License

Content within individual OCW courses is (c) by the individual authors unless otherwise noted. MIT OpenCourseWare materials are licensed by the Massachusetts Institute of Technology under a Creative Commons License (Attribution-NonCommercial-ShareAlike). For further information see https://ocw.mit.edu/terms/index.htm

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7.012 Introduction to Biology (MIT)

Description

The MIT Biology Department core courses, 7.012, 7.013, and 7.014, all cover the same core material, which includes the fundamental principles of biochemistry, genetics, molecular biology, and cell biology. Biological function at the molecular level is particularly emphasized and covers the structure and regulation of genes, as well as, the structure and synthesis of proteins, how these molecules are integrated into cells, and how these cells are integrated into multicellular systems and organisms. In addition, each version of the subject has its own distinctive material.7.012 focuses on the exploration of current research in cell biology, immunology, neurobiology, genomics, and molecular medicine.AcknowledgmentsThe study materials, problem sets, and quiz materials used during Fall 2004 for

Subjects

biology | biochemistry | genetics | molecular biology | recombinant DNA | cell cycle | cell signaling | cloning | stem cells | cancer | immunology | virology | genomics | molecular medicine | DNA | RNA | proteins | replication | transcription | mRNA | translation | ribosome | nervous system | amino acids | polypeptide chain | cell biology | neurobiology | gene regulation | protein structure | protein synthesis | gene structure | PCR | polymerase chain reaction | protein localization | endoplasmic reticulum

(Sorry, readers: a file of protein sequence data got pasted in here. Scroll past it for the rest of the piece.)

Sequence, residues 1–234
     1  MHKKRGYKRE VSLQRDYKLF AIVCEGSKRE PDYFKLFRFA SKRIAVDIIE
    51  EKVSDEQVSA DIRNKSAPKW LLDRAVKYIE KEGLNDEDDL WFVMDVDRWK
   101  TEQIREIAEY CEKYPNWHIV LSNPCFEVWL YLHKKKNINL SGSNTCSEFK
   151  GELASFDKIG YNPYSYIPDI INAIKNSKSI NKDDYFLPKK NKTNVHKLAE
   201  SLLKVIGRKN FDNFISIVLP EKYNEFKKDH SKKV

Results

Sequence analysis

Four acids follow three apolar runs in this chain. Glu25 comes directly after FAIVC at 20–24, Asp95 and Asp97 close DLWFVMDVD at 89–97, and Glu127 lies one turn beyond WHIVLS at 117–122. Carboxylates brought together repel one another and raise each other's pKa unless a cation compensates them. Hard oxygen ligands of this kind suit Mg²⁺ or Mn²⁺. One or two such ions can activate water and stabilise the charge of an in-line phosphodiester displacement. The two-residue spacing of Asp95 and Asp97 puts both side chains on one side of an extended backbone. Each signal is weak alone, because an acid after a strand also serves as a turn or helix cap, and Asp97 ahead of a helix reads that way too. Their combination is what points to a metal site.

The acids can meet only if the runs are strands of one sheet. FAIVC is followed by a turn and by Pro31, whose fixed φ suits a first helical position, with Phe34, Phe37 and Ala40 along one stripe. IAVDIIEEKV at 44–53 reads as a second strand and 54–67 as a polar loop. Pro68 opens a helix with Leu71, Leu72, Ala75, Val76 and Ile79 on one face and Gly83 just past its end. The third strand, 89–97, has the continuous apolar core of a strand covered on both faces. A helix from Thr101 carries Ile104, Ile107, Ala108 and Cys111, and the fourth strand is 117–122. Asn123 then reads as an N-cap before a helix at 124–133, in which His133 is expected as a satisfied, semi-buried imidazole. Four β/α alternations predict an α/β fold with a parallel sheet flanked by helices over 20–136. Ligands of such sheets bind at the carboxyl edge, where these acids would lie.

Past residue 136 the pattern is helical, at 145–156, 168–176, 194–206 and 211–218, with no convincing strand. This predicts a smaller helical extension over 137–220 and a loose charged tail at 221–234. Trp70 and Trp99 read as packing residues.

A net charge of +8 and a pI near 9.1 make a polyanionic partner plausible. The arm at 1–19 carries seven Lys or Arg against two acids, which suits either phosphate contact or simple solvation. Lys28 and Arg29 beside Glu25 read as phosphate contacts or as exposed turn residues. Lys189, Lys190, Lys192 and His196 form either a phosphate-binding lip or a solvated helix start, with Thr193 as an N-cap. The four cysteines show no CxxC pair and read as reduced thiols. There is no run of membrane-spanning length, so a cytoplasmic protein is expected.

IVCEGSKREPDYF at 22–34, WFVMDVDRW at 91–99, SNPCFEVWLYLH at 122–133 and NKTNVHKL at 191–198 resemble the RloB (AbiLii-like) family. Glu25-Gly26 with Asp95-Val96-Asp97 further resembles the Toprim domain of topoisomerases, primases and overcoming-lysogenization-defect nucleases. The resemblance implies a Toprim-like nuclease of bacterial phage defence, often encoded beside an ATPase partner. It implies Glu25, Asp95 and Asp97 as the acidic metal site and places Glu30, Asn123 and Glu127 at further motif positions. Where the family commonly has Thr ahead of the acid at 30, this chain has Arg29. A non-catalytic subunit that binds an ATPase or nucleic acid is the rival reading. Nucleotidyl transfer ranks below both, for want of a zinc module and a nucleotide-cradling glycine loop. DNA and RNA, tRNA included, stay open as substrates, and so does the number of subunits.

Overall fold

License

Content within individual OCW courses is (c) by the individual authors unless otherwise noted. MIT OpenCourseWare materials are licensed by the Massachusetts Institute of Technology under a Creative Commons License (Attribution-NonCommercial-ShareAlike). For further information see https://ocw.mit.edu/terms/index.htm

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Gaining access via net attacks

Description

Application and operating system attacks (part 2) and gaining access via network based attacks. Video lecture from a series on Methods and Issues of e-Investigation delivered by Dan Brearley. Running time approximately 47 minutes.

Subjects

cloning | ukoer | computer security | session tracking | cookies | Computer science | I100

License

Attribution-Noncommercial-Share Alike 2.0 UK: England & Wales Attribution-Noncommercial-Share Alike 2.0 UK: England & Wales http://creativecommons.org/licenses/by-nc-sa/2.0/uk/ http://creativecommons.org/licenses/by-nc-sa/2.0/uk/